Benefits and environmental risks of fungicide use on Scandinavian golf greens

Category: Disease control
Status: Finished
Project period: January 2004 – December 2005

Fundings (kSEK)

  2004     2005     Total    
STERF     80 280 360

Project outcome

While it is a long-term goal of the Scandinavian golf sector to minimize pesticide use, one or two fungicide applications against winter diseases can hardly be avoided on putting greens with a turf cover consisting of Agrostis stolonifera or Poa annua.  Thus, fungicides used for this purpose should combine a high efficiency against diseases and a low susceptibility to leaching losses. As earlier projects showed iprodione to be susceptible to leaching from USGA  greens, the objective of this project was to evaluate three other fungicides used for turf. 

The project was carried out at the Bioforsk research stations Landvik (58ºN, 12 m a.s.l.) and Apelsvoll (61ºN, 250 m a.s.l.) in Norway. Two USGA-spec. golf greens; one of them including lysimeters established without organic matter or with 2% (w/w) garden compost (Green Mix) in the rootzone, were sprayed for two consecutive years with prochloraz (450 g a.i./ha), azoxystobin + propiconazole (200 + 125 g a.i./ha), or trifloxystrobin + propiconazole (187.5 +125 g a.i./ha). Iprodione (2250 g a.i./ha) was included outside the lysimeters due to space limitations. As compared to the unsprayed control treatment, none of the fungicides had any effect on Gaumannomyces graminis at the applied rates, but azoxystobin + propiconazole and trifloxystrobin + propiconazole were more efficient than prochloraz and iprodione against  controlling Microdochium nivale and Typhula incarnata. Inclusion of organic matter in the rootzone enhanced tiller density and overall turfgrass quality. Traces of prochoraz or trifloxystrobin were never detected in water samples. Traces of propiconazole were also mostly below the environmental safety limit (ESL). By contrast, azoxystrobin was found to exceed the ESL of 0.90 μg/l on four occasions, the highest value being 2.15 μg/l. However, as soil organic matter efficiently prevented leaching, high concentrations were only detected in leachate from straight sand rootzones. Since azoxystrobin + propiconazole and trifloxystrobin + propiconazole had equal effect on winter diseases, the latter should be the preferred choice for preventive fungicide applications in late autumn. Use of azoxystrobin + propiconazole should be limited to greens with organic matter in the rootzone.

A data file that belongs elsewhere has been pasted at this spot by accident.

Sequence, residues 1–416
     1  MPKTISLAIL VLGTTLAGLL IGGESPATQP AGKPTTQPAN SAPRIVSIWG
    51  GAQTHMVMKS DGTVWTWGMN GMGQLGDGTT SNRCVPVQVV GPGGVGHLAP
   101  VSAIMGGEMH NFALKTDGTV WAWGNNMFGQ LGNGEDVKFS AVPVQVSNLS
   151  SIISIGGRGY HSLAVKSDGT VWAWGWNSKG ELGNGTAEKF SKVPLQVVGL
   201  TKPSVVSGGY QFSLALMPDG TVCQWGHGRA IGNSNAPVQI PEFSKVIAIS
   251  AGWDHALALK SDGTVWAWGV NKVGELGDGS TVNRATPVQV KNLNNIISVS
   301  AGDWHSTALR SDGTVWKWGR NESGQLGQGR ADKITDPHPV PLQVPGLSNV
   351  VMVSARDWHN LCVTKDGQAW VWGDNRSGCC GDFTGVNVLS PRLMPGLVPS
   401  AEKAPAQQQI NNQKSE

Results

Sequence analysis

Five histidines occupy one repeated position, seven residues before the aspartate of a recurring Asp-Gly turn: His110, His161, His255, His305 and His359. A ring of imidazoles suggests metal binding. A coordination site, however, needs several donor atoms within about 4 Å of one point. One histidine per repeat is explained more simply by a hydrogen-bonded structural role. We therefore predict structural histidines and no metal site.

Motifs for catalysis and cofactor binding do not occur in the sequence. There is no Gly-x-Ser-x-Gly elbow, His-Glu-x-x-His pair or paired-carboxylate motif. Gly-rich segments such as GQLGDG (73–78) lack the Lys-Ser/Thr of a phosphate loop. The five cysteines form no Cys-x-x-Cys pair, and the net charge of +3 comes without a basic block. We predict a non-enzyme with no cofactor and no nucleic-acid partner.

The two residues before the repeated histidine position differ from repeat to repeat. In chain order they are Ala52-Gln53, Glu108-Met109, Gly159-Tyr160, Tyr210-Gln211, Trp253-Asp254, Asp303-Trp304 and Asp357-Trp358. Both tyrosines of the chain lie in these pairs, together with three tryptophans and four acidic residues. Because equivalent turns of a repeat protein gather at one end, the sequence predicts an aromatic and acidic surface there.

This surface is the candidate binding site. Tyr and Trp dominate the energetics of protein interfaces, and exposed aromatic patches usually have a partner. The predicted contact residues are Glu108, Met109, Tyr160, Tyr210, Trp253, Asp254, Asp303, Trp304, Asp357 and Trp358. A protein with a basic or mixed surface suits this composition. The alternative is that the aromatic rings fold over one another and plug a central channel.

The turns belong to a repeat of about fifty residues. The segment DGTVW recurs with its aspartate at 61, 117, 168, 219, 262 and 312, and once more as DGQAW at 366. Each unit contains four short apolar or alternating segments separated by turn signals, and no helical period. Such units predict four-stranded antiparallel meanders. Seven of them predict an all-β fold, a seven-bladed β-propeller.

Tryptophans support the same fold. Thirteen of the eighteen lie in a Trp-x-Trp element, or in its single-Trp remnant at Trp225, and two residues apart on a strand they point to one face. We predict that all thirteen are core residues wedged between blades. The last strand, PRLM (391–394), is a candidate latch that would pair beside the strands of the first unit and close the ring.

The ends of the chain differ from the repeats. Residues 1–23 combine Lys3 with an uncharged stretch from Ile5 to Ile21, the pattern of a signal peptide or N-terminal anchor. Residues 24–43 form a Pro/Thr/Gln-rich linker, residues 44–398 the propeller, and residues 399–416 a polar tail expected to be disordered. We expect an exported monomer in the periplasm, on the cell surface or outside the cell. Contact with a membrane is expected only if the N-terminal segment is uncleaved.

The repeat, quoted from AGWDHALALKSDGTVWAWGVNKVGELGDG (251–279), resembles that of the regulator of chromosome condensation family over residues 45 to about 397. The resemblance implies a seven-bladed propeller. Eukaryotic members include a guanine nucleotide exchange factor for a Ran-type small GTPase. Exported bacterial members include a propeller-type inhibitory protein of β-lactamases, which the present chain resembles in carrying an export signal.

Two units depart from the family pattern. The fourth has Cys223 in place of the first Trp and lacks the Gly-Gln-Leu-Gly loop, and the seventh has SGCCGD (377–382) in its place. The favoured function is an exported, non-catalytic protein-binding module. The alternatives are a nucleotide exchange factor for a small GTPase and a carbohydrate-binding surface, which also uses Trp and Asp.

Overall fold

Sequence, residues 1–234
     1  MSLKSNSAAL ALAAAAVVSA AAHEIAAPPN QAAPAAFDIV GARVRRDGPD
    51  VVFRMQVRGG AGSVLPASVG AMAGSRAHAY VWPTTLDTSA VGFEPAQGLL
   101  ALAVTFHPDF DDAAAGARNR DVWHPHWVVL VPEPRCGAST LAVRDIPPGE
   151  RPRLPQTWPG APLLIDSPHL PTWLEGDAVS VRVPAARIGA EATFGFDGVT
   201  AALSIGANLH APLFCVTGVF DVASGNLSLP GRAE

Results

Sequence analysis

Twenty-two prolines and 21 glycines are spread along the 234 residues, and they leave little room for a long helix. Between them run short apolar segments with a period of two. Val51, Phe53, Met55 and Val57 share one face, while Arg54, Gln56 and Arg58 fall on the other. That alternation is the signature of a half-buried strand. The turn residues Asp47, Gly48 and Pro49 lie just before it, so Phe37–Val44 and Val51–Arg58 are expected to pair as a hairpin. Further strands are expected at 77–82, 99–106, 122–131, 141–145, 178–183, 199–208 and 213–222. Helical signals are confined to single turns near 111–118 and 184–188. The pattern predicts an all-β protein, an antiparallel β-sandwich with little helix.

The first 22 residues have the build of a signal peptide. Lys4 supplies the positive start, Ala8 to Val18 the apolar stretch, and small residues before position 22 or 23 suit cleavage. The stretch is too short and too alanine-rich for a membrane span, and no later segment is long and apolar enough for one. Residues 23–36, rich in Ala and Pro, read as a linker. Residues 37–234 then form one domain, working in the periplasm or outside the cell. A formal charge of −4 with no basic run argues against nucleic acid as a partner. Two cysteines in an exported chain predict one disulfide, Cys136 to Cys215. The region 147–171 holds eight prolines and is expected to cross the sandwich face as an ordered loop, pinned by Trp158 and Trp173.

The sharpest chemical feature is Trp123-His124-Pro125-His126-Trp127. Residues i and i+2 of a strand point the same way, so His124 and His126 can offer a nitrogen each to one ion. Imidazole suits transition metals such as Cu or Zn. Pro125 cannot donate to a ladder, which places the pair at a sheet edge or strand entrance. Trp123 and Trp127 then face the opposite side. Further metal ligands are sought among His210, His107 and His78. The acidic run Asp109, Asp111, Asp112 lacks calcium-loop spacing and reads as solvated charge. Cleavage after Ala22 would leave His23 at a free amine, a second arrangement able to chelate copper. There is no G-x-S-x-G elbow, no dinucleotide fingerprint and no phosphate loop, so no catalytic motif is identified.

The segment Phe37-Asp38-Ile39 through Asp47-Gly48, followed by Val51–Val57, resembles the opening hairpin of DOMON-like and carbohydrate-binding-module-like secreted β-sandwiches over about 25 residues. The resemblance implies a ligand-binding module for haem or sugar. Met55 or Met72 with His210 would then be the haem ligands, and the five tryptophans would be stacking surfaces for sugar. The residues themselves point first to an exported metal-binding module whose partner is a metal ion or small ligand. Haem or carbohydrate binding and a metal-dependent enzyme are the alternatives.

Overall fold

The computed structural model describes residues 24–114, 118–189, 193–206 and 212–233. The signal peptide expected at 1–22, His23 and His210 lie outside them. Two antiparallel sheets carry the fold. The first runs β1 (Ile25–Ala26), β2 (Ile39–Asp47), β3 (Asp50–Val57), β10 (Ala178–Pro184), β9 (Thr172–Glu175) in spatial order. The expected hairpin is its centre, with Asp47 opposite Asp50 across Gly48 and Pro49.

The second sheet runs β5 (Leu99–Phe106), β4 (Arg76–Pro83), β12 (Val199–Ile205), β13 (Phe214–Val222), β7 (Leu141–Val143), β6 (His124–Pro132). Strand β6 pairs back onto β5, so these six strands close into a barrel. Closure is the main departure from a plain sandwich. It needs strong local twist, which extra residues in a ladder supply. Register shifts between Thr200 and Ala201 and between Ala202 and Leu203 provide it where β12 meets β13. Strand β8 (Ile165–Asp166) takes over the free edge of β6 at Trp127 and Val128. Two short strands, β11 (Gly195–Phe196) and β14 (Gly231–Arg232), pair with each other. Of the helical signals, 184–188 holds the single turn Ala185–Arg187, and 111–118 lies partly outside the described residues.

Project participants

Trygve S. Aamlid

Head of Research

Norwegian Institute for Bioeconomy (NIBIO), Department for Urban Greening and Environmental Technology, Turfgrass Research Group, Landvik, Reddalsveien 215, 4886 Grimstad, Norway.

+47 90 52 83 78

+47 90528378

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